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Judge loses but not by enough

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Judge Adams Loses but Not by Enough

By Robbyn Peters Bennett and first published on Stop Spanking

Have you heard about this child abuse case, where a Texas Family Judge repeatedly beat his daughter with a belt under the guise of discipline?  His daughter, Hillary Adams, posted a video of the assault that went viral and made national news.  Judge Adams received a year paid leave only to be reinstated to the bench.  The recent news is he ran for re-election and lost, but by an astonishing close margin.

47% of voters supported him!

Unbelievable. That’s Texas for you, right? That is certainly the response I hear from many people who hear this story.  Sadly, this isn’t just a problem in Texas.  This is a problem in our own communities – in our own back yard.screen-shot-2014-03-09-at-10-37-38-am-1

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 So, how many of these parents actually cross the line?

Don’t expect CPS to answer this question accurately.  Child abuse statistics collected from “substantiated” child abuse hardly captures the frequency of domestic violence against children.  Courts don’t even know how to define assault against children.  Case in point, a court in Santa Clara County ruled that a mother spanking her daughter with a wooden spoon is ‘reasonable discipline,’ even though she left bruises that warranted a CPS investigation.  Across the nation, courts struggle with where to draw this arbitrary line.  Frustrated with the inability to protect children in child abuse cases, Delaware actually modified the definition of child abuse to include “an intent to cause pain.”  Attorney General Biden supported this legislation in order to more effectively prosecute child abuse cases, because so many parents were using the defense of discipline to avoid prosecution.

Despite confusion in the courts, most Americans agree there is a big difference between spanking and abuse, but exactly where to draw this “fine line” seems completely arbitrary.  Just ask your Facebook friends the difference between spanking and abuse.  You will see what I mean.  Can you hit on the bare bottom? Can you use implements like a spoon or a belt?  Can you leave marks that go away by the next day?  Can you hit a child under 2-years-old or under one-year-old or a child that has reached puberty?  Can you hit the child 10 or 20 times? Most states allow for all of the above.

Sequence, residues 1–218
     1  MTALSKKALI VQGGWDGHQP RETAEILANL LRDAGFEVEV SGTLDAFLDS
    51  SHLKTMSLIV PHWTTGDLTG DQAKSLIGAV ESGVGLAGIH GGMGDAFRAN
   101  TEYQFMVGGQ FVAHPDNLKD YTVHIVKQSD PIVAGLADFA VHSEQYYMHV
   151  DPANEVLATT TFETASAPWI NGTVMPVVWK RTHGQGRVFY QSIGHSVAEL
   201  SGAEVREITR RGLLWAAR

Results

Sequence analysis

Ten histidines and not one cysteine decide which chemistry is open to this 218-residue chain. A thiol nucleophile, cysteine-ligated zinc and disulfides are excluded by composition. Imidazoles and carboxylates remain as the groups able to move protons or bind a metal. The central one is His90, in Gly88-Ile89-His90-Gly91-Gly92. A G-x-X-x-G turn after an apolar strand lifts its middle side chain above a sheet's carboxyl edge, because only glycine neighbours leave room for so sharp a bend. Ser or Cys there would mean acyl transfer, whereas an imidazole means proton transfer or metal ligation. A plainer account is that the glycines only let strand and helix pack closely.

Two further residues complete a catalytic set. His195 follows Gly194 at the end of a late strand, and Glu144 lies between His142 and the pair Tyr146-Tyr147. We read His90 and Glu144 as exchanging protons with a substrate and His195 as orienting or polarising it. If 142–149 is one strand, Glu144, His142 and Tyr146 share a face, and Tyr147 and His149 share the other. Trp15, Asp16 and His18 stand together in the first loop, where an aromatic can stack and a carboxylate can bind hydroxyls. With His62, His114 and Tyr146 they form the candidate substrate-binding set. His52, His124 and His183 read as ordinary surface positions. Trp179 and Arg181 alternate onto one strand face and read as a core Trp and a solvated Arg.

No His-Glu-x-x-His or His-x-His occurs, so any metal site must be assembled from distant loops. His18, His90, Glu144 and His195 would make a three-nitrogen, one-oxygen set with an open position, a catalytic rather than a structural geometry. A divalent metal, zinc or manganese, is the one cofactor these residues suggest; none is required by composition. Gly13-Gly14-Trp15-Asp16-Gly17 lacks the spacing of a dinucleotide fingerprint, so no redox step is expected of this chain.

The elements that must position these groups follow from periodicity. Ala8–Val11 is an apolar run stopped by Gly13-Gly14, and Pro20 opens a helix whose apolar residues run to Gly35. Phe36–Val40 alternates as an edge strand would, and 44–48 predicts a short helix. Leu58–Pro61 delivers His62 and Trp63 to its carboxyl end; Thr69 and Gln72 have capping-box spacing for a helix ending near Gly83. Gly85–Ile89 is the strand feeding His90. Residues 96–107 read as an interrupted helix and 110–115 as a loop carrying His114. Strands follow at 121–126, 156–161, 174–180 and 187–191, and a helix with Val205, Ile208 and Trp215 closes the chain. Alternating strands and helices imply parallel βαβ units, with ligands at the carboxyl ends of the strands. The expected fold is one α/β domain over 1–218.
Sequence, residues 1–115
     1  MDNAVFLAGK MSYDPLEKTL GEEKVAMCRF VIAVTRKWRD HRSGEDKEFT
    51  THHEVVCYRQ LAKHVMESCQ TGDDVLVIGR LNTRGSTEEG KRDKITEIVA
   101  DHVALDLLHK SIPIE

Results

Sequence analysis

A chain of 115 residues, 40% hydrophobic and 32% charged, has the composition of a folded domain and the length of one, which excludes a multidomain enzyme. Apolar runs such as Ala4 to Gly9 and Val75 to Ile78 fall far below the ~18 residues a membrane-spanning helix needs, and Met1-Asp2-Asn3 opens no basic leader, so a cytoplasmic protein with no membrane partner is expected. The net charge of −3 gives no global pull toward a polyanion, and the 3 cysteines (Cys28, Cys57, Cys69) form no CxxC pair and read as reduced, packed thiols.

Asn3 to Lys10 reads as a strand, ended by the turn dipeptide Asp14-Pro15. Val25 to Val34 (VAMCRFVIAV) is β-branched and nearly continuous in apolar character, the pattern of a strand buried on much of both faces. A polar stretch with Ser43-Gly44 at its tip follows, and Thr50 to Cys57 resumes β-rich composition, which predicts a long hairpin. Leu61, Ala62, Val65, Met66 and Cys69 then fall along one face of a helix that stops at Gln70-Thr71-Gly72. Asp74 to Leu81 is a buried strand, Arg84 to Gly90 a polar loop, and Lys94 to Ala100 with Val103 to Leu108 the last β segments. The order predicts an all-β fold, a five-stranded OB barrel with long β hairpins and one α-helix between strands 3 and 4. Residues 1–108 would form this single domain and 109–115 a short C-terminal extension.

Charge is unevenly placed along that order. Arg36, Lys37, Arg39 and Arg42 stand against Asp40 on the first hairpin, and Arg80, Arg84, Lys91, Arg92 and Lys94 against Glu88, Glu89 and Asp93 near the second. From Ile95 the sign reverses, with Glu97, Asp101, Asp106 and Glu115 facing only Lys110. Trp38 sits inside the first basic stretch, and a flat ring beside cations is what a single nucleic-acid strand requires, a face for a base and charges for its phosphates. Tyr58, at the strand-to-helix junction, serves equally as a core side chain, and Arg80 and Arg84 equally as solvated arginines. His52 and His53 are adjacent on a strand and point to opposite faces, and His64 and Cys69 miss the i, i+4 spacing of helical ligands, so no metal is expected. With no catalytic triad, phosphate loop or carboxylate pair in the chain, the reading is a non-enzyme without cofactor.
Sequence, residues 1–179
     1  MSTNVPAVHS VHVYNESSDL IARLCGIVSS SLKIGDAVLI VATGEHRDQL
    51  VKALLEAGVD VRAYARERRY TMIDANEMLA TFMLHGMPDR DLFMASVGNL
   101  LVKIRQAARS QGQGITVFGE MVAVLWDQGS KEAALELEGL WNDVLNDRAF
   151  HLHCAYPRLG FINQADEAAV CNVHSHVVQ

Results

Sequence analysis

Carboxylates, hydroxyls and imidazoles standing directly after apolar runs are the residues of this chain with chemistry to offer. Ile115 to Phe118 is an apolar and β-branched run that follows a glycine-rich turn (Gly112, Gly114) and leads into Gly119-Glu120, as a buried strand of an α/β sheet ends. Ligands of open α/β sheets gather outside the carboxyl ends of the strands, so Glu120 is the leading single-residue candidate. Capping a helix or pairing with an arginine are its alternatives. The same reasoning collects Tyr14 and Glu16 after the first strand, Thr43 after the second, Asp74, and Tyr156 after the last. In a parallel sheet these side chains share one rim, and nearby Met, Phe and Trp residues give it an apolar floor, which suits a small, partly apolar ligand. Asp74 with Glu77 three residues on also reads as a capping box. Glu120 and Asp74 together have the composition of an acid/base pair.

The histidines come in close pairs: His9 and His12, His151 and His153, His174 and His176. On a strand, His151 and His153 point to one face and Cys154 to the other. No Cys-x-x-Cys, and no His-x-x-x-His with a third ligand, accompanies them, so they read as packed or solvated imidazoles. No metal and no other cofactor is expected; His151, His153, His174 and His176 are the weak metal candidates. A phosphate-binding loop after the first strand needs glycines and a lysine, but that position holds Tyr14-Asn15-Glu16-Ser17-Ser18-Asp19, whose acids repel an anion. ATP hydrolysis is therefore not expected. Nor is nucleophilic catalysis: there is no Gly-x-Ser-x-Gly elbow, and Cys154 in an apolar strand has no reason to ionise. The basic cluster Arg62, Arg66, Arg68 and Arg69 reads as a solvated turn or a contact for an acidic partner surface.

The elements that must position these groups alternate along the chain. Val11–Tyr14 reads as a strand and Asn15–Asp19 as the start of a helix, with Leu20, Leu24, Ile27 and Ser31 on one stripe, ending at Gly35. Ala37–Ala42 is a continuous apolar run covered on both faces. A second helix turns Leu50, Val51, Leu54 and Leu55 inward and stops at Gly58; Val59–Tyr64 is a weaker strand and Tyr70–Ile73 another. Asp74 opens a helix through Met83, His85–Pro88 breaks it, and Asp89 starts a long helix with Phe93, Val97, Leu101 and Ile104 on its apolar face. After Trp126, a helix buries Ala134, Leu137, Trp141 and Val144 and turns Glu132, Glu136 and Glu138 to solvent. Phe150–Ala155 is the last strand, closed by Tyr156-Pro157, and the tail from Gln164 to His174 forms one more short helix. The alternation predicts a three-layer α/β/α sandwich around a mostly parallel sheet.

In Kansas, Representative Gail Finney was worried about parents being prosecuted for child abuse, and wanted to clarify exactly how much hitting is appropriate, so she proposed a bill that would allow parents to hit their children harder, up to 10 times, enough to cause redness and bruising!  Rather than addressing poor parenting practices that lead to child abuse, Rep. Finney simply attempted to change the definition only to confuse parents further.

Many parents vehemently defend their right to spank their children, claiming that they know how to do it with compassion, moderation, and consistency.  Interestingly, the belief that spanking isn’t harmful if the parent is loving is actually not supported by the research.  Many parents are surprised to learn that maternal warmth does not mitigate the negative effects associated with spanking.

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How many parents hit their children too hard, or hit a child that is too young or too old? Consider the Adverse Childhood Experiences Study that examines the frequency of family violence. The Centers for Disease Control and Kaiser Permanente conducted one of the largest longitudinal studies of its kind, looking at family dysfunction.  This study included more than 17,000 middle class Americans over a 15-year period and found that 29% reported being physically abused by their parents!  88,000,000 Americans have been physically assaulted in the home.

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We’ve begun to produce a documentary looking at the “fine line” between spanking and abuse. This film investigates the link between harsh punishment and child abuse in this country.  We are raising money to finish filming.  The intent of the film is to investigate the role that spanking plays in perpetuating violence in the family.

There has been a national campaign against spousal abuse that has been very successful.  Since 1994, the rate of spousal abuse has dropped 64%.  There are a variety of contributing factors to this decline, but one central factor is the message was clear – it is never OK to hit your spouse.  What is the message we are sending parents about violence and discipline? Each time we defend spanking, we muddy the waters. When we draw a line between spanking and abuse, we give parents permission to strike their children.

The question we have to ask ourselves is…

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Robbyn Peters Bennett

Robbyn Peters Bennett, LMHC, CMHS is a psychotherapist, educator, and child advocate who specializes in the treatment of trauma-related mental health problems resulting from the effects of early childhood stress, abuse and neglect. She is the founder of StopSpanking.org, a non-profit dedicated to educating the public on the dangers of spanking. She is on the steering committee of The U.S. Alliance to End the Hitting of Children. Robbyn is currently producing a documentary, The Last Resort, about the cultural practice of spanking children. Please share her work, and consider helping to fund her documentary. For more information, go to: stopspanking.org

Video Trigger Warning

[yframe url=’http://www.youtube.com/watch?v=8NrVMGmsHmo’]

 

 

 

 

 

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